New molecules turns carbon dioxide into fuel source

  • Scientists have developed a molecule that uses light or electricity to efficiently convert the greenhouse gas carbon dioxide into a carbon-neutral fuel source.
  • The molecule employs a nanographene complex to absorb light and drive the conversion of carbon dioxide to carbon monoxide.
  • It is a “new milestone in the quest to recycle carbon dioxide in the Earth’s atmosphere into carbon-neutral fuels and other materials.
  • “If you can create an efficient enough molecule for this reaction, it will produce energy that is free and storable in the form of fuels. 

Points to Remember:

  • Burning fuel – such as carbon monoxide – produces carbon dioxide and releases energy.
  • Turning carbon dioxide back into fuel requires at least the same amount of energy.
  • A major goal among scientists has been decreasing the excess energy needed.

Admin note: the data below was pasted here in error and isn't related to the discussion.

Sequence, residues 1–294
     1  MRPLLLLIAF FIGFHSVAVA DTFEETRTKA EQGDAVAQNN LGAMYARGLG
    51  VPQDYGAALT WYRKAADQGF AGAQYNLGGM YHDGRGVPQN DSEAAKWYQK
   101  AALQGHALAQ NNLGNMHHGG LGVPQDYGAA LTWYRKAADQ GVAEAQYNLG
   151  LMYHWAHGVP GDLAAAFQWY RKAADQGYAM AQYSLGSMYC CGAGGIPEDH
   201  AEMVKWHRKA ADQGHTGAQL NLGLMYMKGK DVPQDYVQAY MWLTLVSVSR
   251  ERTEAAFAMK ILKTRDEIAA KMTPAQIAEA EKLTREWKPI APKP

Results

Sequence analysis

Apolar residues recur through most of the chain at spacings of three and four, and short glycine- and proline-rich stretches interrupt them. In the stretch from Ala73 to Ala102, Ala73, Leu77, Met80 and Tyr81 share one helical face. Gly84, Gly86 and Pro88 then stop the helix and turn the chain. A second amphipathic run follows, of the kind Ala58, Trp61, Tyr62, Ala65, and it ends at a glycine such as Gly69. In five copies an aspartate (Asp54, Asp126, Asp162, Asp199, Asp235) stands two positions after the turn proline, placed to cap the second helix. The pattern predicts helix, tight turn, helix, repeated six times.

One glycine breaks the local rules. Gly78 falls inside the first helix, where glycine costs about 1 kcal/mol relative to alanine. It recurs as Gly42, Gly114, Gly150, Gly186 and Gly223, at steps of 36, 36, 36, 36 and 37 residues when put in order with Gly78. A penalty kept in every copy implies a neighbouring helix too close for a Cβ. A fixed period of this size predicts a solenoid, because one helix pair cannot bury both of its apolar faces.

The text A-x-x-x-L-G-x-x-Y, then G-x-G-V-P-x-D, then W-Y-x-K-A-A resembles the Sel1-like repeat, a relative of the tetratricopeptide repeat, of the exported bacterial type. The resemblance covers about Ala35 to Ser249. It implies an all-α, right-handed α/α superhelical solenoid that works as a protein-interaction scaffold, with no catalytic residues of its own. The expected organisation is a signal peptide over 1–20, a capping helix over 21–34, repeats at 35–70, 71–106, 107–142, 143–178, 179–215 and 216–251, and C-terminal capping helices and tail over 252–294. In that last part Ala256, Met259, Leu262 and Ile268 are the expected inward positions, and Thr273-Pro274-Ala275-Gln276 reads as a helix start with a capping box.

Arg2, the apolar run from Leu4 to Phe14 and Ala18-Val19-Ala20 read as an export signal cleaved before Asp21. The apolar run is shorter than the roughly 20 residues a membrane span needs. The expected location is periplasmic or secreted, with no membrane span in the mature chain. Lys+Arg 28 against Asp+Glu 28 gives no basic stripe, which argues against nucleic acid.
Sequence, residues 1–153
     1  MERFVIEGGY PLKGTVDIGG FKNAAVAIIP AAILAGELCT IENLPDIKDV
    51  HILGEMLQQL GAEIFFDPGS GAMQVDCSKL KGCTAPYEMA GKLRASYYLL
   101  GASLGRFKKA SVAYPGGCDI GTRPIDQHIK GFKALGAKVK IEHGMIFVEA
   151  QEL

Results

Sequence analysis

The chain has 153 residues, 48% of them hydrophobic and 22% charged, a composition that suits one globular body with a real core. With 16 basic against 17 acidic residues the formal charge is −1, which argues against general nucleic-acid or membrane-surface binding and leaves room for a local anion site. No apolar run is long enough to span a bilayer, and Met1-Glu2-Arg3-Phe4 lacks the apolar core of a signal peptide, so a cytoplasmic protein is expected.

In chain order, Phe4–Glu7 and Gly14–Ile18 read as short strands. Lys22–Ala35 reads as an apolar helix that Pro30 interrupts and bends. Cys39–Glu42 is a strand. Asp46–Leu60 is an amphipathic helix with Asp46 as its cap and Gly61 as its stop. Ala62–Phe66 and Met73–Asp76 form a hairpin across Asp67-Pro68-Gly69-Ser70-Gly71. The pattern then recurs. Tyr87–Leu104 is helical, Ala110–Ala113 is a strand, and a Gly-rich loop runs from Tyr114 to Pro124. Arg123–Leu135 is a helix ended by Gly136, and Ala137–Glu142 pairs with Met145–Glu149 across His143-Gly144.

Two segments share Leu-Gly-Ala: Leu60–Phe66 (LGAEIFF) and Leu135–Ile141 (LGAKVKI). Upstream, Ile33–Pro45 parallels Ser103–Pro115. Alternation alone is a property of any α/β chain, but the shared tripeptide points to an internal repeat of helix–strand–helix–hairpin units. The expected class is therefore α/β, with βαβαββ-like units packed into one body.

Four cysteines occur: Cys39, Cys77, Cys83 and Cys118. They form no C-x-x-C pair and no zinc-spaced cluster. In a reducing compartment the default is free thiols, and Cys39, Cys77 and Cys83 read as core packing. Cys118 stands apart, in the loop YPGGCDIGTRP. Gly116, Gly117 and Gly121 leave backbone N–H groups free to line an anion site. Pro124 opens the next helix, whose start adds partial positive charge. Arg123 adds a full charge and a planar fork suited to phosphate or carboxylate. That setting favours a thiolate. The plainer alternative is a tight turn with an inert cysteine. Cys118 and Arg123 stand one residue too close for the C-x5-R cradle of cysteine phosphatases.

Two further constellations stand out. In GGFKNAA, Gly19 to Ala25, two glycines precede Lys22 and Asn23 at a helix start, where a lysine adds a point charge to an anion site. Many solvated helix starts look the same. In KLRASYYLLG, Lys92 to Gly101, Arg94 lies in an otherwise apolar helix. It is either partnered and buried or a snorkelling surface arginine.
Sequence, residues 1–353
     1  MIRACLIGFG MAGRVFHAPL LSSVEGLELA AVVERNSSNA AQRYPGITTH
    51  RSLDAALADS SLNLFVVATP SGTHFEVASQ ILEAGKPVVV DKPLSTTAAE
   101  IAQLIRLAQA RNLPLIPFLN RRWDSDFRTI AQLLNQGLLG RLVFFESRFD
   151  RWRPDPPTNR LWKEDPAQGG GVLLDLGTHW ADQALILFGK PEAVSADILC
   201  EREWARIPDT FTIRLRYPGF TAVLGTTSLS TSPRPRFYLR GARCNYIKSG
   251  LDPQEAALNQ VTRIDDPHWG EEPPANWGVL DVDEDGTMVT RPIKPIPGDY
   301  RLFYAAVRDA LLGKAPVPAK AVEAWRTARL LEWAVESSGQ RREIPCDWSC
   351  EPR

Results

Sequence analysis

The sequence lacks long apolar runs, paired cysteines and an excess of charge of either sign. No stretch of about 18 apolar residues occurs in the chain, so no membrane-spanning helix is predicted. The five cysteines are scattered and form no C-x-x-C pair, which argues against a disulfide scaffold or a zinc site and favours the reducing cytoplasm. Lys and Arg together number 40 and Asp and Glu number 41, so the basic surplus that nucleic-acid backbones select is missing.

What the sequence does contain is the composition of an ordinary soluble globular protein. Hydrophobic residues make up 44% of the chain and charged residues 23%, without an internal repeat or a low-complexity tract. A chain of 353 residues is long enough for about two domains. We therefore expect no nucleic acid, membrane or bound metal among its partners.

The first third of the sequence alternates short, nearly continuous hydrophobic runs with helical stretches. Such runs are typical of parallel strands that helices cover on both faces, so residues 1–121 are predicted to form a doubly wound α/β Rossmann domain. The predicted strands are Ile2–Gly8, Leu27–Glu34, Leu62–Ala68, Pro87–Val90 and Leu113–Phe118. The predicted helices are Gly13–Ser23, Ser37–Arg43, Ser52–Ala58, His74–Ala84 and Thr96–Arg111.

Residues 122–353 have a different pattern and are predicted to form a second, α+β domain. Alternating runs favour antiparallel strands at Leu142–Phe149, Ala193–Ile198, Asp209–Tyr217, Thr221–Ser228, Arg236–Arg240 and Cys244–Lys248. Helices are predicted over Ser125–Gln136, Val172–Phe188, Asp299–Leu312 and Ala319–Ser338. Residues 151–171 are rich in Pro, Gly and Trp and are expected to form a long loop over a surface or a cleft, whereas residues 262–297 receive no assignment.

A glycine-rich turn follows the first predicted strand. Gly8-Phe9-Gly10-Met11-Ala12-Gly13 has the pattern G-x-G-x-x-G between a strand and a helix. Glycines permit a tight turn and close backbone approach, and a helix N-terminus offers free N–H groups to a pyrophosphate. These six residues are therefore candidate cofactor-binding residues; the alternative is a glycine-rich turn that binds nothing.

• This is exactly what Li’s molecule achieves: requiring the least amount of energy reported thus far to drive the formation of carbon monoxide.
  • The molecule – a nanographene-rhenium complex connected via an organic compound known as bipyridine – triggers a highly efficient reaction that converts carbon dioxide to carbon monoxide.
  • The ability to efficiently and exclusively create carbon monoxide is significant due to the molecule’s versatility.
  • “Carbon monoxide is an important raw material in a lot of industrial processes.
  • “It’s also a way to store energy as a carbon-neutral fuel since you’re not putting any more carbon back into the atmosphere than you already removed.
  • The secret to the molecule’s efficiency is nanographene -a nanometre-scale piece of graphite, a common form of carbon -because the material’s dark colour absorbs a large amount of sunlight.
  • bipyridine-metal complexes have long been studied to reduce carbon dioxide to carbon monoxide with sunlight. However, these molecules can use only a tiny sliver of the light in sunlight, primarily in the ultraviolet range, which is invisible to the naked eye.
  • In contrast, the new molecule takes advantage of the light-absorbing power of nanographene to create a reaction that uses sunlight in the wavelength up to 600 nanometres – a large portion of the visible light spectrum. 

Source: Indian Express

Leave a Reply